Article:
JUAN GONZÁLEZ: And, Nada Tarbush, I wanted to ask you — before October 7th, both Israel and the United States comfortably believed that the issue of Palestine had been forgotten by the rest of the world. I’m wondering your sense of how the world has rallied in the recent two months in support of the Palestinian cause.

NADA TARBUSH: I would say that the world has never forgotten Palestine, unless by “the world” we mean the powerful, militarized states like the United States and other European states or other states from the Global North, let’s say. The international community has, year after year, said — called for a solution, called for an end to occupation, for an end to apartheid, an end to the settlement colonization project that we see in the West Bank. And so, it is only a handful of powerful states that have been trying to get Palestine off the agenda and blocking any avenue to push for the rights of the Palestinian people under international law.

JUAN GONZÁLEZ: Could you talk, as well, about your own family history as it relates to Palestine? Your family fled in 1948. Because in your powerful speech, you also talked about how relations between Jews and Palestinians were before the creation of Israel.

NADA TARBUSH: Yes, absolutely. My family are refugees from 1948. My father was from a village near Jerusalem which is one of the more than 450 villages that were completely destroyed during the Nakba, which is the catastrophic events that led to mass ethnic cleansing of Palestinians and to the most protracted refugee crisis in the world. And my mother also is from a city that became part of Israel after 1948.

The Palestine’s history is one of diversity. It is a multiethnic, multireligious land historically, which has hosted and welcomed all faiths, which has welcomed people of various ethnicities. It has always been a culturally diverse mosaic. And so, this is why it is not surprising to me that many people don’t see that this land can be transformed into an ethnocracy, into a state which is only for one people. And you have seen, even in the early days of Zionism, that you had many Jewish intellectuals, like Albert Einstein, Hannah Arendt, Sigmund Freud and others, who were against the idea of an exclusively Jewish state in the historical land of Palestine. They saw that that would cause issues like ethnic cleansing, like not respecting and indeed violating the rights of the Indigenous inhabitants.

AMY GOODMAN: In your speech that you gave at the U.N. in Geneva, you referred to these remarks in March by Israel’s far-right West Bank settler, Finance Minister Bezalel Smotrich.

BEZALEL SMOTRICH: [translated] There is no such thing as a Palestinian. There is no such thing as a Palestinian people. … Do you know who is Palestinian? I am Palestinian.

AMY GOODMAN: So, that is the finance minister, part of Netanyahu’s government, Smotrich, saying, “There’s no such thing as a Palestinian,” and, for people, in case you had any trouble hearing this, “I am a Palestinian,” he said. I was wondering if you can respond.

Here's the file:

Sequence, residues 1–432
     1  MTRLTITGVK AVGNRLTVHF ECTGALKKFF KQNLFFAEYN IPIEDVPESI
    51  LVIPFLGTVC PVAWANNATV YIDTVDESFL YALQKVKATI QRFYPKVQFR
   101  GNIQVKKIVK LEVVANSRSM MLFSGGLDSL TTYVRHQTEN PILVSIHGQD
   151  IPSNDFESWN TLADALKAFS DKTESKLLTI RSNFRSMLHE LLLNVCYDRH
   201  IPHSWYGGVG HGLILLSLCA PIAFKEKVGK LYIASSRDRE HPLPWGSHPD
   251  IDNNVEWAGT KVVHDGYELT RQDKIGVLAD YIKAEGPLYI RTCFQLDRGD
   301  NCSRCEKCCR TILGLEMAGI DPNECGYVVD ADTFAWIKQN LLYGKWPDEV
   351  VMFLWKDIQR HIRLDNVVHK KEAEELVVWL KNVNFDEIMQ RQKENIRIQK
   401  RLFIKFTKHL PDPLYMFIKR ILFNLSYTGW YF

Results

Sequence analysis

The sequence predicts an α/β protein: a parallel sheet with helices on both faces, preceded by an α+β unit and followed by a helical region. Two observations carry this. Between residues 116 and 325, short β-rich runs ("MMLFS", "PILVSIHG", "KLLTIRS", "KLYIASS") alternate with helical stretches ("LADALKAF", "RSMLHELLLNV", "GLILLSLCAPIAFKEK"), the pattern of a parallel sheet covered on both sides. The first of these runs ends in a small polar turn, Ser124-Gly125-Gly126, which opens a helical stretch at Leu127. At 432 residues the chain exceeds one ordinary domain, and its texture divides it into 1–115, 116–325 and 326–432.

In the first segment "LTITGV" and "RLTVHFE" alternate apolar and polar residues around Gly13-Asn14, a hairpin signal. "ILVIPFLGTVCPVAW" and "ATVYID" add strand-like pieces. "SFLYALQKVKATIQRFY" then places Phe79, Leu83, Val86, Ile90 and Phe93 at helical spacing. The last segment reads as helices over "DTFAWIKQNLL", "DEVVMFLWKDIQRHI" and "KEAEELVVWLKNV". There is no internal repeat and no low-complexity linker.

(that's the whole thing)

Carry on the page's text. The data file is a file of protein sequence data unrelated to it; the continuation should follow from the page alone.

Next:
NADA TARBUSH: Yes, I can. This is, again, not a surprising narrative. It is a narrative that we have been hearing for decades, which is that Israel does not want a Palestinian state. Golda Meir, a former Israeli prime minister, said that there is no such thing as the Palestinian people. Palestinians have been dehumanized since the creation of Israel, and even before, and, you know, in order to try and justify this settler colonial project. And there was the myth of a land without a people for a people without a land. But there were people on this land, and they are the Palestinian people.

And so, for us to hear these kind of racist and colonialist slogans is consistent with what Israel has been doing in terms of action throughout these years, which is to try and get rid of the maximum of Palestinian inhabitants from Palestine, from the West Bank, from Gaza, and to try and replace them with Israeli settlers. And so, you know, they’re just saying explicitly what they have been doing. And I think that in Gaza now, what we are seeing is the continuation of this policy of mass ethnic cleansing, of forced displacement, of trying to get rid of the Palestinian population in order to take over the land.

AMY GOODMAN: You also note in — 

NADA TARBUSH: And so, you know, even the Biden — please.

AMY GOODMAN: You also note in your speech in September that Netanyahu held up a map on what he called the new Middle East, that did not show Palestine, during his speech to the United Nations General Assembly. It did not show the West Bank, East Jerusalem or Gaza. Explain what he’s putting forward, and then President Biden now saying to this group of donors that — he’s criticizing Netanyahu, saying that he is doing this in Gaza because he doesn’t want a Palestinian — a two-state solution.

NADA TARBUSH: Indeed, yes. So, again, this is not the first time that the Israelis have shown maps which completely delete the West Bank and Gaza and incorporate them into Israel and call them Israel. I mean, this has been done consistently. Jerusalem, East Jerusalem, as — West Jerusalem and East Jerusalem were annexed. There are annexationist policies happening in the West Bank with the construction of settlements and the wall and the whole settler colonial infrastructure. And in Gaza, this is — a similar project is underway. And Gaza and the West Bank have been occupied for 56 years. Palestinian dispossession has taken place for 75 years. It is an ongoing Nakba. It is a continuation of mass ethnic cleansing and annexationist policies.

Now, the problem with them formally annexing these lands is that they would have to give the right to vote to the Palestinians, whose land they would be annexing. So, instead, they try to get rid of the Palestinians before annexing the land. But the plan has been clear, and it is a plan to take over what remains of Palestine, which is very little, what remains of historic Palestine. The West Bank and Gaza constitute 22% of historic Palestine. With the settlements, this has reduced dramatically. And they’re trying to take over whatever little bits are left.

AMY GOODMAN: Well, I want to thank you for being with us, Nada Tarbush, counselor to the Permanent Observer Mission of the State of Palestine to the United Nations in Geneva. This is her first broadcast interview since the video went viral of her U.N. address on Israel’s bombardment of Gaza that she gave in Geneva.

Coming up, we’ll speak with Texas Congressmember Greg Casar as President Biden appears to be caving to Republican demands for hard-line border measures in exchange for funding for the war in Ukraine and beyond. Back in 20 seconds.